1) Regional

(a) Additional donations and funding for all commodities is urgently required in order to avoid further disruptions in food distributions. In Mozambique, current cereal stocks will only meet 55 percent of requirements in September with critical cereal shortfalls projected from December onwards. Stocks of pulses and vegetable oil will be exhausted from the end of August and there will be 100 percent shortfalls in September and October. In Lesotho, pipeline breaks are expected for vegetable oil resulting in a 100 percent shortfall between August and October. In Swaziland, shortfalls for pulses are critical as stocks will run out by September and no new contributions have been confirmed. In Zimbabwe, the cereal pipeline from December onwards remains a major concern. Donors are urgently requested to make food pledges now to prevent foreseen shortfalls for the critical period January through March 2004 as WFP has so far only received assurances for minimal contributions. Discussions have continued at high levels between WFP and the Government of Zimbabwe in order to clarify the recent policy on food aid distributions.

(b) A high level delegation from the OPEC Fund for International Development is in the southern Africa region from 24 August to 2 September. The mission is visiting Lesotho, Swaziland, Malawi, Mozambique, Zambia and Zimbabwe and is following up on a USD 9.2 million donation made to WFP's emergency operation in February. With this generous donation, WFP was able to organize the regional purchase of 13, 494 tons of essential food supplies.

2) Namibia

(a) The final distributions involving WFP food for the flood-affected people in the Caprivi region are underway. Under the Immediate Response EMOP, WFP provided a total of approximately 150 tons of assorted commodities for 12,000 people affected between June and August 2003. WFP food acted as a compliment to assistance being supplied by the government.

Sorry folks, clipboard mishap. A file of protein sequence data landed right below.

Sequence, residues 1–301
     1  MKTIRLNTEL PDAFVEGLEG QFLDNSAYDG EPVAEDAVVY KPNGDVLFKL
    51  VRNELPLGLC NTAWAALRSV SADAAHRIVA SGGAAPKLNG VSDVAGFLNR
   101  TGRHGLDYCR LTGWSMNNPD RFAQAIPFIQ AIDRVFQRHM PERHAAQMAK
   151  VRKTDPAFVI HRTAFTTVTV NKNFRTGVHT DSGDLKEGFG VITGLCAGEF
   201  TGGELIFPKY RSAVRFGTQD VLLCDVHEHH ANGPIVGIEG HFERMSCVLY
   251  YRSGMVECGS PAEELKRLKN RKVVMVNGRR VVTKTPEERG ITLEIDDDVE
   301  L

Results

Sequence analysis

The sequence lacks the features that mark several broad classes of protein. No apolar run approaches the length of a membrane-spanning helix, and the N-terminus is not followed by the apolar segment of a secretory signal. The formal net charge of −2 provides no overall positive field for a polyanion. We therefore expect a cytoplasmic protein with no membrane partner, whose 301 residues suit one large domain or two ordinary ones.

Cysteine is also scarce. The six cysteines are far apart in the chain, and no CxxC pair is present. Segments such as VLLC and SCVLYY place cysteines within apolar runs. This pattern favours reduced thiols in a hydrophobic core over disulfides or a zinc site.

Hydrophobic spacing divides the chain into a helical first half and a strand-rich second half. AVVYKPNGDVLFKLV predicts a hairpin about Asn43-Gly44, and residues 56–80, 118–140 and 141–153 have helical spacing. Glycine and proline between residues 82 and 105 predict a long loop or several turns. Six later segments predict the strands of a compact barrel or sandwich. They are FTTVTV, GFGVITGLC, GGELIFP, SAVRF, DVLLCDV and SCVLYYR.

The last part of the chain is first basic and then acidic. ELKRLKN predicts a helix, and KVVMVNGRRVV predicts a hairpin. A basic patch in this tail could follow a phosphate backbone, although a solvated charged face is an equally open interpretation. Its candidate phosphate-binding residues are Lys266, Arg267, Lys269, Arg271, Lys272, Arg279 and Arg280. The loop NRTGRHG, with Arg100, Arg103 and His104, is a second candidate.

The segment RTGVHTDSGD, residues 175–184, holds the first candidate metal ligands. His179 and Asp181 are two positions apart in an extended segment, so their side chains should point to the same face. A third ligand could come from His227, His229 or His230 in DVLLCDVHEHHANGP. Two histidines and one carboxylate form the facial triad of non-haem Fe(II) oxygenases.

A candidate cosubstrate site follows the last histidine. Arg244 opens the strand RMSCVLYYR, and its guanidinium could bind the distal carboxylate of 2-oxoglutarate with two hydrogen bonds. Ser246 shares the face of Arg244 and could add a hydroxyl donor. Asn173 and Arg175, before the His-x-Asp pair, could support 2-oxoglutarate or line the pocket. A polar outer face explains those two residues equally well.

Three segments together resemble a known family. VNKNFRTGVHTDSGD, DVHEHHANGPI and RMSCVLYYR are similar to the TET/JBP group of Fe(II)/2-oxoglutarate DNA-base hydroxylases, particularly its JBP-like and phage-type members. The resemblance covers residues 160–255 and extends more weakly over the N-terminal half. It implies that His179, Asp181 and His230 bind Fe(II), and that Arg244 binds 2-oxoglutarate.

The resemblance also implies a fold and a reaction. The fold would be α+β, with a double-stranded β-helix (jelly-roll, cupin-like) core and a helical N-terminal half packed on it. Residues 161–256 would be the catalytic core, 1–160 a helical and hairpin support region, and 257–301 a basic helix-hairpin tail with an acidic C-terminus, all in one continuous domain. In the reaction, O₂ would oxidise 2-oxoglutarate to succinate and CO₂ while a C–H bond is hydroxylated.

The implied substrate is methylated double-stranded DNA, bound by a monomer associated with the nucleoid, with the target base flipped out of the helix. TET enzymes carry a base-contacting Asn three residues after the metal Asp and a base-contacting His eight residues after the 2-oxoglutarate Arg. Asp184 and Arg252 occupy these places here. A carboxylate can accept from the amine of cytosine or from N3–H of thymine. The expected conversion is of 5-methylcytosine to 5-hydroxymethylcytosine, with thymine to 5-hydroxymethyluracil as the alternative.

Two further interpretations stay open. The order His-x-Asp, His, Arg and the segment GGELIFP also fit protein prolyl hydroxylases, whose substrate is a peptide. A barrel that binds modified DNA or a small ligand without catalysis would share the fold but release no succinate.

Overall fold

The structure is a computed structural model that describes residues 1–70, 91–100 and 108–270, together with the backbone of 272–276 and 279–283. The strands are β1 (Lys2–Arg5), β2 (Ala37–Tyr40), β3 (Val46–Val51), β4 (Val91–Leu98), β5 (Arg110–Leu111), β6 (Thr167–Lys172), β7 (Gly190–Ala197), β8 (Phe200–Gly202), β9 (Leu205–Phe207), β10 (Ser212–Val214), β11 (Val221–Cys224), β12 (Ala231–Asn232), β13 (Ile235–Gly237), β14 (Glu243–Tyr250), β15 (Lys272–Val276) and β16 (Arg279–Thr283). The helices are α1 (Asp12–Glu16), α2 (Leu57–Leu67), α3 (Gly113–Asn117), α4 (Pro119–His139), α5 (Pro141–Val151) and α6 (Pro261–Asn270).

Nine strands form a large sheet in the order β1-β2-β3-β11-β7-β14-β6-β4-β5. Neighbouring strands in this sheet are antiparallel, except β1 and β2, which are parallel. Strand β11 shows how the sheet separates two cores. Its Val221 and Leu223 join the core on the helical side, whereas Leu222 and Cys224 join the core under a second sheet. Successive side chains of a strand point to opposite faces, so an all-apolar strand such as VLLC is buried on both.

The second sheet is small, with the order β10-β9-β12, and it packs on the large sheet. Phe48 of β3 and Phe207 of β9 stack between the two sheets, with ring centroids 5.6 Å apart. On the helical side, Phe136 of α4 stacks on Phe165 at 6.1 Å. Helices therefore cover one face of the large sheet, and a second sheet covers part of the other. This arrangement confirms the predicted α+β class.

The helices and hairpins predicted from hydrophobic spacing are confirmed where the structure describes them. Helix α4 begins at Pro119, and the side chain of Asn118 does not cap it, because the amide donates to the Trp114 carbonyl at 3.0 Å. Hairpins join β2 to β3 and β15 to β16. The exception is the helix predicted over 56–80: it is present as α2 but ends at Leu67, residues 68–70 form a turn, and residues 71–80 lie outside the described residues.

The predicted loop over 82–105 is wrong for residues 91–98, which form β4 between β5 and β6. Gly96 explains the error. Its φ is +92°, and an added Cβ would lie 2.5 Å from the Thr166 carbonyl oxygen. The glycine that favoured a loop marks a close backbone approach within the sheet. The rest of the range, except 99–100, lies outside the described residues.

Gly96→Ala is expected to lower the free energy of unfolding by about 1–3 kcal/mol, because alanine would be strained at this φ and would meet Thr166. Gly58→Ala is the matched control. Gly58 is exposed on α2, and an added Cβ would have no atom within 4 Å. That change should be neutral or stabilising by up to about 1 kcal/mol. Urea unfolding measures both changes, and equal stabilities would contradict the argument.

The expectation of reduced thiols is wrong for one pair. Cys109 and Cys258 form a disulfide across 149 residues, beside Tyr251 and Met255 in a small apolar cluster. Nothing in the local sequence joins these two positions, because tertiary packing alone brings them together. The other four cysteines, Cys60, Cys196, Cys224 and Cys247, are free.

3) Angola

(a) In Moxico Province, a truck hired by WFP to transport food from Zambia to Cazombo detonated a suspected landmine on the main road from Cazombo to Luhuza town. The WFP convoy was delivering food to WFP warehouses in Cazombo in support of the refugee repatriation operation. While there were no serious injuries, the road has been closed to UN personnel pending an investigation by Mines Advisory Group.

(b) In Uige Province, WFP participated in a rapid assessment of critical needs in Uamba commune (Sanza Pombo Municipality). The team found 2,950 persons living in the area including internal returnees and former refugees. High levels of food insecurity were found as the population was surviving on wild roots. Registration for WFP food assistance is planned and the timely distribution of seeds and tools has been recommended.

(c) In Benguela, the first food distributions to approximately 9,300 returnees in Chila commune (Bocoio Municipality) are underway. The returnees are expected to require assistance until the harvest season, if they are able to benefit from the forthcoming seeds and tools distributions to enable the re-establishment of subsistence agriculture in the area.

(d) From 21 to 27 August, WFP food assistance was provided to a further 2,700 refugees who were officially repatriated into Angola from neighbouring countries through voluntary repatriation convoys organised by UNHCR. WFP is coordinating the distribution of food aid on both sides of relevant borders to support the official refugee repatriation as well as providing food to spontaneous returnees. The total number of refugees officially repatriated into Angola now stands at 19,919.

(e) The third bridge constructed by Swedish Rescue Services Agency (SRSA) under WFP Special Operation 10149.1 'Logistic Services to the Humanitarian Community' was completed over Rio Cuchem between Alto Hama (Huambo Province) and Menga (Kuanza Sul Province). The bridge will greatly facilitate access to 16,000 vulnerable beneficiaries in the Menga area.